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Community Amateur Sports Clubs

by Tax Faculty Team on 11.03.2013 19:17

Definition of CASCs under review and delays explained

The Government has published a ministerial statement concerning the conditions Community Amateur Sports Clubs (CASC) must meet in order to qualify for charity-type tax reliefs designed to help them.

It seems that some of the eligibility rules in the legislation are unclear and cause confusion, making it difficult for clubs and HMRC always to be sure whether a club is entitled to relief.

Provisions will be included in the Finance Bill 2013, to be published on 28 March, allowing clearer detailed rules to be set through secondary legislation. HMRC will then publish a consultation document after the Finance Bill is published setting out proposals for these rules:

"These proposals will cover a range of issues, including:

  • The maximum annual fee, to include the costs of participation, which a club can charge and still be considered a CASC. The consultation will seek views on a range of maximum fees up to £1,040 (£20 per week). Recognising that some sports have higher costs, CASCs will be able to charge more than the maximum annual fee if they have measures in place to allow people on low and modest incomes to participate fully at a cost of no more than the maximum fee.
  • The rules and limits for CASCs on generating income from social and non-sporting activities will be updated to provide clarity. The consultation will explore a number of possible limits. Where clubs generate income over the limits, the consultation will also explore how clubs can separate this activity into a wholly-owned subsidiary company.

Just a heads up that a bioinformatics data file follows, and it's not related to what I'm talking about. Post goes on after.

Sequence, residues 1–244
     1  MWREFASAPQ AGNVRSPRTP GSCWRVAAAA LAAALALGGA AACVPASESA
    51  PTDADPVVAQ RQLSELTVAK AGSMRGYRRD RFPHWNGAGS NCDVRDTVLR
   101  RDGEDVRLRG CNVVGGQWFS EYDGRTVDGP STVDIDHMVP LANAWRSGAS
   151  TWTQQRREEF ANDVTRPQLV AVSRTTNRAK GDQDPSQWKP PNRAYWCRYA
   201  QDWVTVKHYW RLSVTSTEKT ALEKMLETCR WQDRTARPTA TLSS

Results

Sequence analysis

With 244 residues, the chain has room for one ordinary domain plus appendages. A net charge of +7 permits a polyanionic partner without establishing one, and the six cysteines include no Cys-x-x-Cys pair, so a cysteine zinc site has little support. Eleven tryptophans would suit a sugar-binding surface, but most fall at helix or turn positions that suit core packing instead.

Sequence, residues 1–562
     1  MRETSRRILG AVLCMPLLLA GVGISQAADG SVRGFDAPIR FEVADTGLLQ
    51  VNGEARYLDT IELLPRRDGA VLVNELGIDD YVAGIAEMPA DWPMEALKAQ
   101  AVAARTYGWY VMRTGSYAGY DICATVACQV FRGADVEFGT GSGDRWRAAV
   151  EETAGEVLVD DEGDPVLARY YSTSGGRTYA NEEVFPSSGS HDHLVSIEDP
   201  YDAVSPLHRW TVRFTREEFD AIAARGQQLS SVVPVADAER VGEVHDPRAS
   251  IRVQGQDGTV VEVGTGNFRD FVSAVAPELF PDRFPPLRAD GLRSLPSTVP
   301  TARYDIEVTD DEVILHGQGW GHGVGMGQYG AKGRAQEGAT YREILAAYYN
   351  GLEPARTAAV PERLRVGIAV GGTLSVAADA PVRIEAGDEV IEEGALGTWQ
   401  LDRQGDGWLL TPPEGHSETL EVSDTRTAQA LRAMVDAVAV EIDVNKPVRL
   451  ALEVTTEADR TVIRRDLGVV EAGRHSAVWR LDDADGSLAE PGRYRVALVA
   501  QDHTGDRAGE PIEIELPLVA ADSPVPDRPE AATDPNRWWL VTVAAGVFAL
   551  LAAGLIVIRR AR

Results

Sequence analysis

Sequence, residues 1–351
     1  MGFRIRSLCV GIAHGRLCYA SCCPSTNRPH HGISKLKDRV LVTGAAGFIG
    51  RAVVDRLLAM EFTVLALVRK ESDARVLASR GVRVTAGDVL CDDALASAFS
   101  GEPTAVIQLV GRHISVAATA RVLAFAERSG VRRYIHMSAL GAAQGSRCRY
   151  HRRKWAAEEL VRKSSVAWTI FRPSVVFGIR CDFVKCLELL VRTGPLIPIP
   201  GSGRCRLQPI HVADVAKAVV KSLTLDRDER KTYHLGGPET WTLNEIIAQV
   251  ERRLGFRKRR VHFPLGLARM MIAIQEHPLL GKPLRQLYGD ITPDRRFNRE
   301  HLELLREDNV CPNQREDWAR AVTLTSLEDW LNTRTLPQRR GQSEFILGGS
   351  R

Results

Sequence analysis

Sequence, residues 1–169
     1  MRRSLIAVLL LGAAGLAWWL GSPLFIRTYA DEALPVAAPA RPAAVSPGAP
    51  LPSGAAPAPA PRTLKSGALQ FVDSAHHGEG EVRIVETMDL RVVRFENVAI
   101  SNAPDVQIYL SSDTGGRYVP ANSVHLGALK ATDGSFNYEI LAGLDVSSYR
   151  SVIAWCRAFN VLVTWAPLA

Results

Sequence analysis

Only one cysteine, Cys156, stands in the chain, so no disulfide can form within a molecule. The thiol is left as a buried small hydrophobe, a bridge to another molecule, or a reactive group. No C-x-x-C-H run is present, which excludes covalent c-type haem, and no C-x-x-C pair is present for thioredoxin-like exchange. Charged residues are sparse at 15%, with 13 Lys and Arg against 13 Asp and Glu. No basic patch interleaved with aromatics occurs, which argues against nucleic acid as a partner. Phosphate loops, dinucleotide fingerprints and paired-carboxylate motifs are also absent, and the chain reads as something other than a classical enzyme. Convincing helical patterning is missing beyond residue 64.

• The consultation will include proposals for more generous rules for travel expenses, and changes to allow clubs to make limited payments to players."

We can expect regulations to be laid in the autumn, setting out detailed rules.

Following any changes, some CASCs may no longer qualify in their existing form and will need to introduce, for example, rules to make allowances for those on low or modest incomes. However, while the consultation is ongoing, CASCs do not need to make any changes.

Those clubs which have been waiting to hear back from HMRC while it has been reviewing the CASC regulations have had their applications put on hold. HMRC is writing to each of those clubs to draw their attention to the proposed changes. It will write again to each club when the consultation document is published explaining how the proposed new rules are likely to affect the club and its application for relief.

One outcome of HMRC’s review of the current rules that does not require legislative change is that clubs can offer junior memberships without voting rights and still qualify as CASCs. We are pleased to announce that HMRC will be applying this rule with immediate effect.